Motor Control & Motor Learning (Exam 2) Flashcards Preview

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Flashcards in Motor Control & Motor Learning (Exam 2) Deck (37):
1

The ability to maintain and change posture and movement, is the result of a complex set of neurologic and mechanical processes.

Motor Control

2

Study of nature and cause of movement.

Motor Control

3

Performed with context of an environment. How do people walk?

Action

4

Essential to action and vice versa.

Perception

5

Attention, motivation, and emotional aspects that underlie the establishment of intent or goals.

Cognition

6

Need all 3 for the nature of MC.

Action, Perception, Cognition

7

Highest level of control.

Cortex

8

Basic unit of movement in the motor control model.

Reflexes

9

Equilibrium reactions

Cortex

10

Righting reactions

Midbrain

11

Postural tonic reflexes

Brainstem

12

Phasic primitive reflexes

Spinal Cord

13

Simplest reflexes, occur at the spinal cord level. Occur early in the life span of an infant.

Primitive Reflexes

14

Associated with the brain stem of the CNS. Produce changes in muscle tone and posture. Most of these reflexes are integrated by 4-6 months.

Tonic Reflexes

15

Complex postural responses that continue to be present in adulthood. Involve head and trunk; provide body with automatic way to respond to movement within and outside body's BOS.

Righting and Equilibrium Reactions

16

Random movements. Example: Random movements.

Mobility

17

Maintenance of a posture. Example: Quadruped.

Stability

18

Movement with a posture. Example: Sit to stand.

Controlled Mobility

19

Movement from one posture to another. Example: Creeping or Walking

Skill

20

During the action, making changes right then.

Closed Loop

21

After the error is detected.

Open Loop

22

Learning new skill or relearning old skill as a whole activity.

Stage I: Cognition/Acquisition

23

Allowing patient to practice and self-correct is also important during this stage. Giving time to self-correct before offering feedback is important to learning.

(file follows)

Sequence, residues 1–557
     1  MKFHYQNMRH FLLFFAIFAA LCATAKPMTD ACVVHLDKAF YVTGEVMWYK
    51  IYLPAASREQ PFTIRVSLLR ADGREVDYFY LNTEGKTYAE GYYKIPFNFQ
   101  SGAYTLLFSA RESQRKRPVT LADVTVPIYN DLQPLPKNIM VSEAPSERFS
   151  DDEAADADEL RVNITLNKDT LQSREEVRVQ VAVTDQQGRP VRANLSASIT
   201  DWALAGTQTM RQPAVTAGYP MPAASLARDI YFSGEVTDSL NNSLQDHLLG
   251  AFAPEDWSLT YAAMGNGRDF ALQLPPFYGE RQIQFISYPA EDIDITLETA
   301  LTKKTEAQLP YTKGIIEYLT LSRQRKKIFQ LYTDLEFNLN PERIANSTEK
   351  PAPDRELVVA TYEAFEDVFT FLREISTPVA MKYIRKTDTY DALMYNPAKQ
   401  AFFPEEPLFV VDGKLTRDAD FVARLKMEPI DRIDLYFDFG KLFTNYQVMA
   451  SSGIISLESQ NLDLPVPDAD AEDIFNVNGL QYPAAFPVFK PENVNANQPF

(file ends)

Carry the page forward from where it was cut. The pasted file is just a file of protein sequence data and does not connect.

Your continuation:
Stage 1: Cognition/Acquisition

24

Patients can run the program with in specific environmental constraints. Decrease in error during activity. Less effort required for performance. Example: One surface

Stage 2: Associative/Refinement

25

Patient moves to a variety of different environments and retains control of the whole program. Example: Any surface.

Stage 3: Autonomous Stage/Retention

26

Changing overtime.

Open skills.

27

Constant.

Closed skills.

28

Which skill is harder open or closed?

Open skills.

29

Based upon sensory responses inherent to the patient's body as part of the desired movement.

Intrinsic Feedback

30

Based upon outside source of providing feedback. Independence is not learned until patient can self-correct using intrinsic feedback.

Extrinsic Feedback

31

Uses sensory system such as therapist's voice.

KP or Knowledge of Performance

32

Informs a patient as to whether task is accomplished or how close the movement comes to accomplishing task.

KR or Knowledge of Results

33

Immediate behavioral performance, will learn to rely on external feedback.

Constant Feedback

34

3 Schedules of External Feedback

Summed, Faded, Bandwidth

35

Feedback after a set number of trials.

Summed Feedback

36

Initially feedback after every trial, then decreasing to every other trial, every third, every fourth, etc.

Faded Feedback

37

Feedback only when performance is beyond a given range of error.

Bandwidth Feedback